The legally or formally recognized union of two people as partners in a personal relationship (historically and in some jurisdictions specifically a union between a man and a woman). The culmination of this is what is called marriage; the coming together of people of the opposite sex who have a desire to live together. This is one of the most common and generally accepted cultural practices in Ghana.

4. Puberty Rites

After the child naming ceremony, puberty rites are the next set of rituals of social status transformation which children undergo in Ghanaian culture. The most well-preserved puberty rites are the Dipo, of the Krobo ethnic group and the Bragoro of the Ashanti. These ceremonies mark the entry of young women into adulthood. In Ghana, only a small section of ethnic groups usually found in the northern parts of the country have initiation rites for men and when they occur they are done in secret and not given as much prominence as that for young women.

5. Selecting and Installing a Chief

This is one of the most important practices amongst the tribes in Ghana as the Chiefs play important roles in governing people. All ethnic groups have a Chief to lead them. Chiefs are selected to occupy a vacant stool or skin. Chiefs in Southern Ghana are enstooled while Chiefs in the North are enskinned. Those responsible for selecting the next Chief are called the Kingmakers. The Queen Mother nominates the new Chief

Outmoded or Negative Cultural Practices in Ghana

1. Female Genital Mutilation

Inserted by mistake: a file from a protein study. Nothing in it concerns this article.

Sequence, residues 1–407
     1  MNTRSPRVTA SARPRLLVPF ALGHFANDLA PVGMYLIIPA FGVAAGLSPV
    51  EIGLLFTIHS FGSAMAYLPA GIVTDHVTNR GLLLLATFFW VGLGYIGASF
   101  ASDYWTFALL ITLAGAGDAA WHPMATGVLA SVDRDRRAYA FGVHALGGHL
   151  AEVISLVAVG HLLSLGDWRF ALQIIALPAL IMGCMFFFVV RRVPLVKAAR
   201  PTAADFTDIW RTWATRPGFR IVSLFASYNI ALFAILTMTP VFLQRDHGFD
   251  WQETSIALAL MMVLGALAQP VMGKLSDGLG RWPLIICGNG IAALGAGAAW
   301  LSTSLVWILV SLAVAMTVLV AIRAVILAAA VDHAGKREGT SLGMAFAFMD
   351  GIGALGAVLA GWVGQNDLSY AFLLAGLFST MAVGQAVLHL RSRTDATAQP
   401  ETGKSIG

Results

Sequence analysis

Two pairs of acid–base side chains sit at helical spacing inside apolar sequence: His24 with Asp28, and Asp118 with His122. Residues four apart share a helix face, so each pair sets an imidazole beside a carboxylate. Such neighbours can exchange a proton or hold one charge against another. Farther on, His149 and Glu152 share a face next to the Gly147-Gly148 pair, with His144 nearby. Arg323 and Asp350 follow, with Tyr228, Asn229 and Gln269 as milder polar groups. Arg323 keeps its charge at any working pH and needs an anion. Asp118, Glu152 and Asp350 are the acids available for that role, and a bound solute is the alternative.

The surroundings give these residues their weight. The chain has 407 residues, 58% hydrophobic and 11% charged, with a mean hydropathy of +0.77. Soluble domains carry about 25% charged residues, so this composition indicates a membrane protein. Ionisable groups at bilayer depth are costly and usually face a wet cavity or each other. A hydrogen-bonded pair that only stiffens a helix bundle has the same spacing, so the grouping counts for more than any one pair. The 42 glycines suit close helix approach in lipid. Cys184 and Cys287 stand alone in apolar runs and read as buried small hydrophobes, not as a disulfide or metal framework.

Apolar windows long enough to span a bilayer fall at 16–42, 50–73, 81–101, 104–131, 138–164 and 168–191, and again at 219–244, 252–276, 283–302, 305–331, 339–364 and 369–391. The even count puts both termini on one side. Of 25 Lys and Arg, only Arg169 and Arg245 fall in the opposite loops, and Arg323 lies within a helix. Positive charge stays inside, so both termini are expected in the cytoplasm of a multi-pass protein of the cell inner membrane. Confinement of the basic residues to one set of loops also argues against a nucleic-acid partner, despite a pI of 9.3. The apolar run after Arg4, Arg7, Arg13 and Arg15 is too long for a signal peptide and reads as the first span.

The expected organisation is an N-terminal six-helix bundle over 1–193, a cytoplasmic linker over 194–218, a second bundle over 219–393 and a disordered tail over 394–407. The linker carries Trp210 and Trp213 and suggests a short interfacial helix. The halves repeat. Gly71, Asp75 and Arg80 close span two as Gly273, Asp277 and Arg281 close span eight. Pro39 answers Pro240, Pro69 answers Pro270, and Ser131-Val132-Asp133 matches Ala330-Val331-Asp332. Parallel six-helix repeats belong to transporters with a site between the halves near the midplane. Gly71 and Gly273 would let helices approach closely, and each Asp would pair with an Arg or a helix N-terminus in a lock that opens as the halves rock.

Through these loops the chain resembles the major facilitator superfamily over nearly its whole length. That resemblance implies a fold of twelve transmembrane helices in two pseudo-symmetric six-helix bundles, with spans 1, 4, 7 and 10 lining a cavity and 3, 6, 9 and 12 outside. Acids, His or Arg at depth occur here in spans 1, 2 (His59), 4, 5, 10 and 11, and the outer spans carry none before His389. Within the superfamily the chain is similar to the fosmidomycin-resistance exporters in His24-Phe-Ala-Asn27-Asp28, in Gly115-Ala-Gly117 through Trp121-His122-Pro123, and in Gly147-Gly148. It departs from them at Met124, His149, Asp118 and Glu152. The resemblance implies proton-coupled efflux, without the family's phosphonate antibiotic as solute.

Female circumcision is not a transition from childhood to adulthood as in the latter but mutilation and the highest disregard to humanity. It entails the removal of the genitals, not the foreskin as in the latter. These cultural practices in Ghana were so the girl would maintain their sexual purity until marriage as the painful ordeal would hold them back from engaging in any sexual relations before then.

Thanks to education and ongoing research about the female body, female genital mutilation is gradually on the south trend. The effect of outmoded cultural practices in Ghana sadly would even be death. The consequence of female genital mutilation is excessive bleeding, blocked or complication during childbirth some of which could even get fatal. Besides, this was an infringement of their human rights not forgetting the use of an unsterilized tool that could spread infections.

2. Child betrothal and marriage

This means that a girl is married off before the age of puberty. Parents would make the negotiations concerning the planned marriage for their daughter without their consent. This was done by some unremorseful parents due to poverty, especially in the Northern region where people are living in abject poverty. Poverty is associated with these negative cultural practices in Ghana. About 70 % of the families in Northern Ghana are poor with 71% of them being illiterate and 79% of the children not attending school.